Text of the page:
The Irish construction industry is expected to grow by 15 per cent in 2021 despite the challenges of the pandemic and Brexit-related delays, according to a new report by infrastructure consultancy firm Aecom.
In an annual construction industry review, to be published on Thursday, the group says that while construction output is unlikely to reach pre-Covid 19 levels, it is expected that development in 2021 will significantly exceed 2020 levels.
While 2021 has got off to a “bad start” for the industry, the report anticipates a “strong year” for the sector based on a presumption that normal activity will resume shortly as the vaccine rollout continues.
The report indicates that in general terms demand has not been impacted but rather activity has been delayed.
Last year Aecom estimated the cost of construction increased by about 1 per cent. In 2021, it is estimating “a conservative” further increase of 2 per cent.
On Brexit, the report suggests access to materials and other equipment has been unaffected to date.
Aecom Ireland director John O’Regan said on Tuesday the sector was better prepared than last year to deal with challenges.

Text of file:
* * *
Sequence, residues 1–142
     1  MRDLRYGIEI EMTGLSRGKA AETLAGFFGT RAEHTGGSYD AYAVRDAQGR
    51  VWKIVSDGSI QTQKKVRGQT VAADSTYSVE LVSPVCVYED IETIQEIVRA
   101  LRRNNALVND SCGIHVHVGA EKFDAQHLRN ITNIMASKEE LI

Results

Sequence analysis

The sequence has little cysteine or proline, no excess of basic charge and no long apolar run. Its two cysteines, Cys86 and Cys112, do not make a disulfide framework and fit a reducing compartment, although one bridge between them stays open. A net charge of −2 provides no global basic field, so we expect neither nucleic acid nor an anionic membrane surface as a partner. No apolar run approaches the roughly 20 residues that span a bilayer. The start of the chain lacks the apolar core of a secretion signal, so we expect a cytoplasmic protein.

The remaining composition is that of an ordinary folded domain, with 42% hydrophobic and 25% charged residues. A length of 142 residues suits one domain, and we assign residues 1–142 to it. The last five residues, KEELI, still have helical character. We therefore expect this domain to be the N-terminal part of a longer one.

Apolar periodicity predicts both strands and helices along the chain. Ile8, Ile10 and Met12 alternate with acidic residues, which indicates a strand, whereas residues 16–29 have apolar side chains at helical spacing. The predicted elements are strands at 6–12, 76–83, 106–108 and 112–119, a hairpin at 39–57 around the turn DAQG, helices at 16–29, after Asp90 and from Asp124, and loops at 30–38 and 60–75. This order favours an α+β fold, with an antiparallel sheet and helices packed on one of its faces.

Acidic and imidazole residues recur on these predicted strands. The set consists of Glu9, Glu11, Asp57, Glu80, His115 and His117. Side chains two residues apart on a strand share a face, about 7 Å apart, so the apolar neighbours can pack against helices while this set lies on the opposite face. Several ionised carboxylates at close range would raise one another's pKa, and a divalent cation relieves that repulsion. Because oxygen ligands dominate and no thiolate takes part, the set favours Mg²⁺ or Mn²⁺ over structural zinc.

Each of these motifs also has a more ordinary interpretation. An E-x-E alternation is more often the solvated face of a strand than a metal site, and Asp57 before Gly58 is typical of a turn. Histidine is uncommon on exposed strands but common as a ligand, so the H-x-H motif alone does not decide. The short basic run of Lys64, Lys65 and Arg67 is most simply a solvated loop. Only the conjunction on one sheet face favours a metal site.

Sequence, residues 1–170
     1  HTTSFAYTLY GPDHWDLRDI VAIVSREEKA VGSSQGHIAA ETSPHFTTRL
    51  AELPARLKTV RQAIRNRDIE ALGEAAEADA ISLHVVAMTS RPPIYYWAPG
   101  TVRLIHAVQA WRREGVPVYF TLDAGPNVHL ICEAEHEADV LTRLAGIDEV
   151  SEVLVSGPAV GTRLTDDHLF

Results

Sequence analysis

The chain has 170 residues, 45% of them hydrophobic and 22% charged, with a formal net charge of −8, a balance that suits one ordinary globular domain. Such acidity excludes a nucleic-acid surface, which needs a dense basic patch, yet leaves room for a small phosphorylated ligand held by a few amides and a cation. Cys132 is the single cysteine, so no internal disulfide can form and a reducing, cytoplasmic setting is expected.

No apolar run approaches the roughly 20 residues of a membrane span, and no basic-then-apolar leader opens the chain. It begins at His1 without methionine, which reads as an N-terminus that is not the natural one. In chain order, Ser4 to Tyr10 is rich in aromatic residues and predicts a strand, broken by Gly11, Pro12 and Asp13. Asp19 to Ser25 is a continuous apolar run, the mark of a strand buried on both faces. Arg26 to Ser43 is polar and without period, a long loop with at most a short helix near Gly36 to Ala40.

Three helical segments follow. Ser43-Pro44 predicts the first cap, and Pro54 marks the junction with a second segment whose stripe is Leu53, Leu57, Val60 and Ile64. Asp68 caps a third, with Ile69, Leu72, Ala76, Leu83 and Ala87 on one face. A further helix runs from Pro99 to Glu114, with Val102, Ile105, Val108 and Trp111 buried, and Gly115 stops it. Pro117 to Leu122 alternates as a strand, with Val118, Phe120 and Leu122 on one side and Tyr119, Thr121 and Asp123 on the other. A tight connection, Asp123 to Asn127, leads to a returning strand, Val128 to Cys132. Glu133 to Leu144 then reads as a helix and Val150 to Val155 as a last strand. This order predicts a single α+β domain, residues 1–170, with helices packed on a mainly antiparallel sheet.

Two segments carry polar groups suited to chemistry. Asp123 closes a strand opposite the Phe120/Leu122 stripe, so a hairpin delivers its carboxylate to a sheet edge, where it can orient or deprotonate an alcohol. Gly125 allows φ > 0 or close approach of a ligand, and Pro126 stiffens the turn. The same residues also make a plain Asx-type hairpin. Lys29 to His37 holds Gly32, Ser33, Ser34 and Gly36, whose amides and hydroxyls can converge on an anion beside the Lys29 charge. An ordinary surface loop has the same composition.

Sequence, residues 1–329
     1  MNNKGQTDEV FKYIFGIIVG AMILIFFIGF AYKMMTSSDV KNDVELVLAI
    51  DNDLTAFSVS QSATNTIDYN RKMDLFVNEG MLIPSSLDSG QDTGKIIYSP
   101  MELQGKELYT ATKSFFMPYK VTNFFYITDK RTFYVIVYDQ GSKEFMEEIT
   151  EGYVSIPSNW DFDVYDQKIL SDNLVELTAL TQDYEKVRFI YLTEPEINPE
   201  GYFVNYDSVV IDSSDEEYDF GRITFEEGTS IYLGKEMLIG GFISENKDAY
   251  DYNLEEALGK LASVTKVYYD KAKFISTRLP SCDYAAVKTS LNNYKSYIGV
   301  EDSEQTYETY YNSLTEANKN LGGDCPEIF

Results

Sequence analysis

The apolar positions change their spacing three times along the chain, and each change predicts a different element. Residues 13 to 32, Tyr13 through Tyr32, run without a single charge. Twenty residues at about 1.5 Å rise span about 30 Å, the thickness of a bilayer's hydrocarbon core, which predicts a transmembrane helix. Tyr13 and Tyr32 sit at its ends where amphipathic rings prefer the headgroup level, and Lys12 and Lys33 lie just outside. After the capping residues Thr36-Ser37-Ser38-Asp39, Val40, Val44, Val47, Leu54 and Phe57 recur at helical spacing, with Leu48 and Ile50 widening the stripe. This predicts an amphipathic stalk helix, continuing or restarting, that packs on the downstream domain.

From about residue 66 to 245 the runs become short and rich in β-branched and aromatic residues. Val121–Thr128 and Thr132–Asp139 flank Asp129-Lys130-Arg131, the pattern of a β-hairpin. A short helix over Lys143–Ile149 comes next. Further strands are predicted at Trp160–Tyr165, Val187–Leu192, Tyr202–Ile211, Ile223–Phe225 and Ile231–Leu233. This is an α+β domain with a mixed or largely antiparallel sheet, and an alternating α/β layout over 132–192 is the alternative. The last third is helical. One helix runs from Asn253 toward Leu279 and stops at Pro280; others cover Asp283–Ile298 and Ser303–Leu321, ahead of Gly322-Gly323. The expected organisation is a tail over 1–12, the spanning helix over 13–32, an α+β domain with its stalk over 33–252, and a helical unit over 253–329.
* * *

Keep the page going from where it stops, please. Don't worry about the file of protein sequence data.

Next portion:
“Despite the challenges associated with the dual impact of Covid-19 and Brexit, the projected growth rate of 15 per cent for 2021 highlights the industry’s resilience at the moment.
“While the first lockdown was very difficult, as an unanticipated event, the sector is now more prepared to effectively manage the associated challenges related to materials, cost and logistics.
“That being said, hospitality and retail has been put on hold, and while significant commercial office developments are proceeding on site, the uncertainty around the shape of the future office workplace will slow demand in this sector.”
Mr O’Regan said it would be important for the industry that promised rail projects such as the Dart expansion and Metrolink progressed as planned.
“Our report also suggests that while we are dealing with two very real threats to our supply chains, the price inflation for 2021 will only be marginally higher than 2020, reporting at 2 per cent.
“This is very positive news for the industry and for consumers as there was considerable anticipation that the cost of building would climb sharply in 2021.
“Looking ahead, our report highlights that a key element of promoting sustainable growth for the construction industry is ensuring that promised rail projects such as the Dart expansion and Metrolink progress as planned.
“While it may not seem a priority now we must double down on our commitment to rail development as it will enhance our work-life balance, support housing and development outside of our cities and go a long way towards our carbon emission targets.”
Mr O’Regan also called for the establishment of a national housing task force, consisting of industry and public sector players, which could “aid the fast and cost-effective delivery of housing across the country”.
“Along with the benefits of such a task force, the economic restart after the coronavirus means there is a chance to improve and speed up the planning and delivery process, which is delaying many pipeline projects.”